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Re: Unable to access repository, please help...

From: Michael & Mikaela Krueger <info_at_michael-krueger.org>
Date: 2006-05-07 21:07:13 CEST

Ok I understand that I should upgrade to Subversion 1.3.1... I don't
understand why I should upgrade the whole SuSE system...

And will the 1.3.1 be able to recover my broken repository?

Am Sonntag, 7. Mai 2006 01:48 schrieb Nico Kadel-Garcia:
> Michael & Mikaela Krueger wrote:
> > Hi,
> >
> > I run a Linux server (SuSE 9.2) with Subversion that came with it...
> > 1.2 something I would say.
> > I have a server directory under:
> > /srv/svn/repos/
> > in which all of my repositories reside.
> > Now one of my repositories (actually the most important one) seems to
> > be broke.
> > Most of the times when one of the repositories reports a berkley DB
> > error in ViewCVS, a quick svnadmin recover <repository> does a quick
> > job fixing any issues. This time it doesn't.
> > Any SVN command, be it svnadmin, svn, svnlook that I execute on that
> > repository will just hang. I'm not able to recover it. Does anyone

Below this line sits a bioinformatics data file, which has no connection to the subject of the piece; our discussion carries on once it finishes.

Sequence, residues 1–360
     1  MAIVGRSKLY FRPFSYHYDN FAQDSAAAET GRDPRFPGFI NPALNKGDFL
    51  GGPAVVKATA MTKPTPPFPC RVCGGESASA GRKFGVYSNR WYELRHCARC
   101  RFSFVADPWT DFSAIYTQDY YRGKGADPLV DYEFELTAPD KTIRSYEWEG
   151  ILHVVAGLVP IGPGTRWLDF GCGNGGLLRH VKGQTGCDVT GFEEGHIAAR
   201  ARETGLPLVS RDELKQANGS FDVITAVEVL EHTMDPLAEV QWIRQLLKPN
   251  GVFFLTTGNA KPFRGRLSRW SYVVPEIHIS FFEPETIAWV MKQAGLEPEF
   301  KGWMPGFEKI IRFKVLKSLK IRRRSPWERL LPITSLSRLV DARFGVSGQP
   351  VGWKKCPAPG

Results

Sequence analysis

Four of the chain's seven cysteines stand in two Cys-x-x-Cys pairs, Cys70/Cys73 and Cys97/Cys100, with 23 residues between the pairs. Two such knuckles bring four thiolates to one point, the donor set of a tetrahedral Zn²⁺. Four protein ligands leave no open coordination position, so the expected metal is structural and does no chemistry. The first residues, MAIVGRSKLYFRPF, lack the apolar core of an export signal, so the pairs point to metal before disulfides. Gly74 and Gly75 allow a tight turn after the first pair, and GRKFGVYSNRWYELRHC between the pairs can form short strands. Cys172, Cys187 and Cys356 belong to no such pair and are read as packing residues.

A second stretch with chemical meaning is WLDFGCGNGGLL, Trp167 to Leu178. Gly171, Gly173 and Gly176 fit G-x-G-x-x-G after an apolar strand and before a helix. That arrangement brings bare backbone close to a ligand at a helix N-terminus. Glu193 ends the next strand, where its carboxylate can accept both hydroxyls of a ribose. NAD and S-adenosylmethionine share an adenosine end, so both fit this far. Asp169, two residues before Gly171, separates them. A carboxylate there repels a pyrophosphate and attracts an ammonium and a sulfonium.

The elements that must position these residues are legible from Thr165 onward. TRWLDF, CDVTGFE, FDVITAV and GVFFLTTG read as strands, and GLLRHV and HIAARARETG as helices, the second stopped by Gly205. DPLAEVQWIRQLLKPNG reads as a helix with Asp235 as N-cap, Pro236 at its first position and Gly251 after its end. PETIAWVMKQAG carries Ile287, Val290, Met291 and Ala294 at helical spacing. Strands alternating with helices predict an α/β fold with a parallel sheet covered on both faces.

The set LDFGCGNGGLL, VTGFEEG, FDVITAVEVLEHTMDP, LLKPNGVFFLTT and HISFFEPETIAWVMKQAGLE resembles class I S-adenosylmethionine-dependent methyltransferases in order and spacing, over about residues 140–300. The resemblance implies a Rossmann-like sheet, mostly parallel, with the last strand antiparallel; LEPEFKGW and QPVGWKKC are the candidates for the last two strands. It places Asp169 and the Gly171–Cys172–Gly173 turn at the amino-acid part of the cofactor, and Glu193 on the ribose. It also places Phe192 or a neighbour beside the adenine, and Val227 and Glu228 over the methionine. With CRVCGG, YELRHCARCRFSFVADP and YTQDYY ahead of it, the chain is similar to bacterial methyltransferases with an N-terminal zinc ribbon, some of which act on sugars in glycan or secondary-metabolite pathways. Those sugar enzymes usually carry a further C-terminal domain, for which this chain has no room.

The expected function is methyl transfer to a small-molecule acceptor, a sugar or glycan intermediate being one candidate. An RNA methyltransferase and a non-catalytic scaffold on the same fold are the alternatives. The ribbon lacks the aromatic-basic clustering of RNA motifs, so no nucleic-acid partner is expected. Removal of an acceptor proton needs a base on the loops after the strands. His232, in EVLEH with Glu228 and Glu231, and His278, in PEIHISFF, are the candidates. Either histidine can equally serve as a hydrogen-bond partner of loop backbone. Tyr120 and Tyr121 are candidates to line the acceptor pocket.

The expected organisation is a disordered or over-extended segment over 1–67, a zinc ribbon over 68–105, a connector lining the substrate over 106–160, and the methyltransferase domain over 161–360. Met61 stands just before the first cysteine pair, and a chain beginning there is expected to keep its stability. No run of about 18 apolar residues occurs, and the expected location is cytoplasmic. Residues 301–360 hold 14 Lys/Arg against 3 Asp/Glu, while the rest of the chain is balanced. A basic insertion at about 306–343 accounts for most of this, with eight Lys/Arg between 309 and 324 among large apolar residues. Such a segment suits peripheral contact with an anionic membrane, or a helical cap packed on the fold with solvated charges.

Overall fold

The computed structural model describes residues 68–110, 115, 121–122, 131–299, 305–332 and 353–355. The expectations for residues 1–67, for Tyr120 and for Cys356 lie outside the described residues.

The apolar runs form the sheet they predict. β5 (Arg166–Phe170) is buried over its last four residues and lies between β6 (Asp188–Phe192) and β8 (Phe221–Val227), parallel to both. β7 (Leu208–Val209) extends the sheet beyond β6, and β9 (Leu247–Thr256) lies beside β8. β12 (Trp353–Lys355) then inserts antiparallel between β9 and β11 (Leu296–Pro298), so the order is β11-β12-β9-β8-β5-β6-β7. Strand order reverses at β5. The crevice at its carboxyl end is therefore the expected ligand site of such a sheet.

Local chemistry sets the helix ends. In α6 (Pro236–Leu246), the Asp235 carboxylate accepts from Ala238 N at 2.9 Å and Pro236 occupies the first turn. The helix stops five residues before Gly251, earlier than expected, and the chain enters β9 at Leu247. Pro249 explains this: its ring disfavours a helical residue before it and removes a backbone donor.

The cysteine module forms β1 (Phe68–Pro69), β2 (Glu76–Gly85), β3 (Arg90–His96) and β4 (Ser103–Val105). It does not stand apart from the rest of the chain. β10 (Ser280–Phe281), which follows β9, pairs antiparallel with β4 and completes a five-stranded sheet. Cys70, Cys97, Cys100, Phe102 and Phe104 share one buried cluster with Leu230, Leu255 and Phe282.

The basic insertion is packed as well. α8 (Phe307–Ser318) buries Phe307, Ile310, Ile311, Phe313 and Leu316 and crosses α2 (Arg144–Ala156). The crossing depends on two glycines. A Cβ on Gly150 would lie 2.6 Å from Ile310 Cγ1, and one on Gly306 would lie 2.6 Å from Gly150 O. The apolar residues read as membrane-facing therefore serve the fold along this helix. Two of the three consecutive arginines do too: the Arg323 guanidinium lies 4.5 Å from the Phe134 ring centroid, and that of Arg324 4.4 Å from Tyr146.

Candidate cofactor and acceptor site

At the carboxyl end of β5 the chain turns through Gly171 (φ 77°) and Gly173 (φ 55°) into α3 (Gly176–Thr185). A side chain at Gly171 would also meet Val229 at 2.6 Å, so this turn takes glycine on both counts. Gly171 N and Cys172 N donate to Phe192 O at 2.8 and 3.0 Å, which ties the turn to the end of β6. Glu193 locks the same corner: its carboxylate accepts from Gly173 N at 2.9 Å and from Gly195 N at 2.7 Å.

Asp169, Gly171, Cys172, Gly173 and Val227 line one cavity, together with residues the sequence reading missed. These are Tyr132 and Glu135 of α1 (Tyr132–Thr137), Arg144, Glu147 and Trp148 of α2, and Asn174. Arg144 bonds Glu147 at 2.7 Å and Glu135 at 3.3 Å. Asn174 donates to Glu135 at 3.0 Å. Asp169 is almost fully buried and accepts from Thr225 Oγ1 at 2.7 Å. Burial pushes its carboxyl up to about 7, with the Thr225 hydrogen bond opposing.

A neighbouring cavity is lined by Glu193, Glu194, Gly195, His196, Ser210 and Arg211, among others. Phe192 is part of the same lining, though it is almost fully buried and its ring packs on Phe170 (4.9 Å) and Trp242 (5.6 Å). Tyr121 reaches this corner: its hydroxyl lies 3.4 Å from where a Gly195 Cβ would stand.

> > have expirience with this? Anyone able to recommend a solution to
> > recover the project?
> Yes. Take it offline, back it up if possible, do a hot-copy.py backup as
> well if possible, then update your SuSE to 10.0 and your Subversion to
> 1.3.1.
> SuSE makes claims that they will support a release for 7 years, but *who
> cared!!!*? The differences in kernel and database tools between 9.2 and 9.3
> alone justify the upgrade, going to 10.0 should just sweeeten the deal. And
> subversion 1.3.1 gets you a stack of useful new features.
> Even better, after your OS and subversion is updated, switch the back-end
> database from Berkeley DB to FSFS for better reliability. BDB was cool, but
> it's overpowered for Subversion use, and very difficult to repair corrupted
> databases. And the company that made it, Sleepycat, was recently purchased
> by Oracle. I think we can expect Oracle to ruin it within 2 years the same
> way they trashed the Stettor calendar server. Many open source tools have
> moved away from BDB for various reasons: cross-platform use for Subversion
> helped drive the use of FSFS as the new default database.
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Michael & Mikaela Krüger
Email: info@michael-krueger.org
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To mess up a Linux box, you need to work at it; 
to mess up your Windows box, you just need to work on it.
  Scott Granneman, Security Focus
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Received on Sun May 7 21:06:41 2006

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